Celebrex and Vioxx: Dangerous and Potentially Fatal Side Effects
Celebrex and Vioxx were approved for the U.S. market back in 1999 for the treatment of arthritis and other types of pain. Both of the drugs constituted a new class of drugs called Cox-2 inhibitors. Their release seemed to be cause for celebration for individuals who had previously taken aspirin or other NSAIDs (nonsteroidal anti-inflammatory drugs), but were bothered by gastrointestinal problems commonly associated with them.
Celebrex and Vioxx were touted as great medical developments in the many ads that promoted their benefits. Principal among these was the claim that Vioxx and Celebrex relieved pain without causing stomach problems. Specifically, these Cox-2 inhibitors are prescribed to relieve symptoms commonly associated with osteoarthritis, menstrual cramps, or other acute pain. Unfortunately, Vioxx and Celebrex pose troubling effects for some users and potentially fatal side effects.
Vioxx Side Effects: The Heightened Risk of Heart Attack Linked to Vioxx
Recent studies have shown that Vioxx can increase the incidence of heart attack nearly four times greater than that of traditional arthritis pain relievers like NSAIDS. More specifically, the new study out of the Cleveland Clinic noted an increase in the development of myocardial infarctions, or heart attacks, in people treated with Vioxx, when compared with those treated with naproxen (a standard NSAID). While the risk of heart attack is still low, it is a concern for those users who may have had cardiac problems in the past.
Whether the increased risk of heart attack is attributable to a property of Cox-2 inhibitors (this includes both Vioxx and Celebrex), or whether it is solely specific to Vioxx, is not yet known.
Celebrex Side Effects: Deaths Linked to Celebrex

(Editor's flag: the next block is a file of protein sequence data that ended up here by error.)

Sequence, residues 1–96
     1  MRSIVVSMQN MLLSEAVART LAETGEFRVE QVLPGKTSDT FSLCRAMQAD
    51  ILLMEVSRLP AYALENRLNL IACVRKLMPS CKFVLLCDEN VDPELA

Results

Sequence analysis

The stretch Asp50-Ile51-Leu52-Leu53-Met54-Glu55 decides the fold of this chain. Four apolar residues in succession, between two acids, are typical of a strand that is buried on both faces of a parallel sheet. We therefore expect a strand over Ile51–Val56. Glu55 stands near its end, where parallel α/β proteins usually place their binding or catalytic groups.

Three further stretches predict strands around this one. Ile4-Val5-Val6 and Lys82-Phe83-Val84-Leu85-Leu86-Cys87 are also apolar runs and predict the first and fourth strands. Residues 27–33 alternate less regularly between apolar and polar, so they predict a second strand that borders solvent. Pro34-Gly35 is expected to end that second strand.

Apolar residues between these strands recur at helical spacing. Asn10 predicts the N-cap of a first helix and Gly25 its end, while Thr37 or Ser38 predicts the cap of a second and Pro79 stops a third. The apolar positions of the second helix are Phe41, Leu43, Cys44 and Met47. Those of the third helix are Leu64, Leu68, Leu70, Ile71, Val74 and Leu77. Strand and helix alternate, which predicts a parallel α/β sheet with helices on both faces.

While the recent report linked heart attacks specifically to Vioxx, this does not mean that Celebrex is not without its risks as well. Several years ago when the drug initially came to market, The Wall Street Journal ran a story that spread throughout the media linking Celebrex to 10 deaths during its first three months on the market. In addition, there were eleven other cases of gastrointestinal hemorrhage associated with the drug. The Wall Street Journal obtained the information using the FDA's Freedom of Information Act. Of the ten deaths, half of them were from ulcers (also known as gastrointestinal bleeding). Two of the deaths occurred from heart attack, one to a kidney problem, one to an interaction with another drug, and no cause was given for the other death. While nothing came of this story (i.e. Celebrex was not deemed responsible for the deaths), the recent revelations bring to life once again the potential dangers associated with Cox-2 inhibitors.
Furthermore, Vioxx and Celebrex do not do anything whatsoever to assist with osteoarthritis, they simply treat the pain. Glucosamine on the other hand is completely safe and has been shown to actually asist in rehabilitating cartilage through the production of proteoglycans and glycosaminoglycans.